Els Moixiganguers d'Igualada van visitar la població de Leitza on van actuar dissabte a la tarda dins dels actes de la “Independentzia Eguna Leitzan” (dia de la Independència a Leitza). Als Moixiganguers els van acompanyar els Trabucaires d’Igualada i el grup percussionista BATinKAt, que van actuar a diferents cercaviles. Durant la celebració, un grup d'igualadins va penjar una estelada de 10 metres al balcó de l'ajuntament, amb el consentiment de les autoritats locals.
Yesterday was another extremely tough day. Straight out of Leitza into a long winding climb up to 2500ft, my legs were still feeling the pinch from the last trip and it was hard going. More uber fit local cyclists buzzed by, checking up on me and reassuring the descent wasn’t too far.
I cleared the first big climb in two hours and by the time I glided downhill into the town of Lekunberri, I was ready for another go. I passed through the town and headed out on the Baraibar road towards Iribas, took a sharp left and began climbing again towards the hamlet of Alli where I stopped and ate the rest of my cured ham and free cheese (still chuffed… I love a freebie).
The roads began to climb again. Straighter and steadier but challenging nonetheless, especially with the sun beating down. It was very hot.
The terrain had changed quite significantly now and, although still climbing high, things looked less mountainous, as cliffs, rock and trees had given way to fields, farms and livestock.
I stopped in a tiny hamlet called Oderitz where I was immediately bitten by something that caused a big blood blister to pop up on my arm. There were literally five houses in Oderitz, but inside one I spied a beer pump and took it for a bar. As I approached two dogs ran out and went for me, teeth bared, snapping at my heels as I legged it down the street, leaving my bike and luggage behind me.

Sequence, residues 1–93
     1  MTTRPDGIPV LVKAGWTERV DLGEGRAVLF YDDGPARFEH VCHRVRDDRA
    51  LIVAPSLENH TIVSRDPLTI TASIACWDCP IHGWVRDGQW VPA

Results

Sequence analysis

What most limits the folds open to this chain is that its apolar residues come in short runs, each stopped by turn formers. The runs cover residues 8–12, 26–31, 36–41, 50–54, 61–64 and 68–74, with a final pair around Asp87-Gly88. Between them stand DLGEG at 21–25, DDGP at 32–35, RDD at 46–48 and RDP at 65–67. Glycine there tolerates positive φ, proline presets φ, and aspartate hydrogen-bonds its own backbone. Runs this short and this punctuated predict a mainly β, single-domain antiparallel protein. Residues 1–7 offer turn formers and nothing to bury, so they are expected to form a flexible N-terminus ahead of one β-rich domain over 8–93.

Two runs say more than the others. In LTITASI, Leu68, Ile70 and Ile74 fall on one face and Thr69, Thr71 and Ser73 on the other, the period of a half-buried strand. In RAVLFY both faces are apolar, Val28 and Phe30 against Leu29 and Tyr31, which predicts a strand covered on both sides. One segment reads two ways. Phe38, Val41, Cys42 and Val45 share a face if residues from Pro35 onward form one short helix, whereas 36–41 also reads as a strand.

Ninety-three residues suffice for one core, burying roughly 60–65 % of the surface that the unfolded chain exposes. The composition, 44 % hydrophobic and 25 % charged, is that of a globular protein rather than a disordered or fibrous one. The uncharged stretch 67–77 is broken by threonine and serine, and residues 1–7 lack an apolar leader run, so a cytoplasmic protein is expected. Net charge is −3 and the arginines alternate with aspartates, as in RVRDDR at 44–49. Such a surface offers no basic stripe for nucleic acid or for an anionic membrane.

The landlady came out and called off the dogs who shuffled under the tables outside and lay there growling. I gave them a wide-berth and went inside.
I made small talk with the old woman, showed her my bite, and she disappeared off only to reappear with disinfectant to clean up the growing blood blister. She patched me up and sent me on my way with a restocked water supply.
People in the north of Spain have proved to be incredibly kind and generous. Even in the most rural parts, the hardest faced, toughest looking folk will go out if their way to help you and make sure you’re ok. When I explain what I’m doing, there is an instant understanding, no ‘why?’, just a quiet respect and a desire to help. From the local cyclists and vehicles slowing down to check up on me, to the people always happy to give directions and the tiny rural bars letting you fill up with water. There’s no questioning my motivation, because why wouldn’t you travel across northern Spain? It’s a beautiful place.
As I packed up, the dogs seemed to be revving up for a second attack, emitting low howls that reverberated round the hills (terrifying), so I got out of there sharpish, half-packed, pedalling off not nearly quick enough uphill.
The next part was hard, it was extremely hot now and still climbing up into the hills. I had to stop in every rare bit of shade I could grab and was trying to stop myself from guzzling down all of my water stash.
Eventually, the descent began, through the hamlet of Madotz, up a small climb and round a corner to one of the most spectacular views I’ve seen yet. Spain laid out in front of me for miles at an altitude of 2700 ft. The last few of the northern mountains laid out ahead.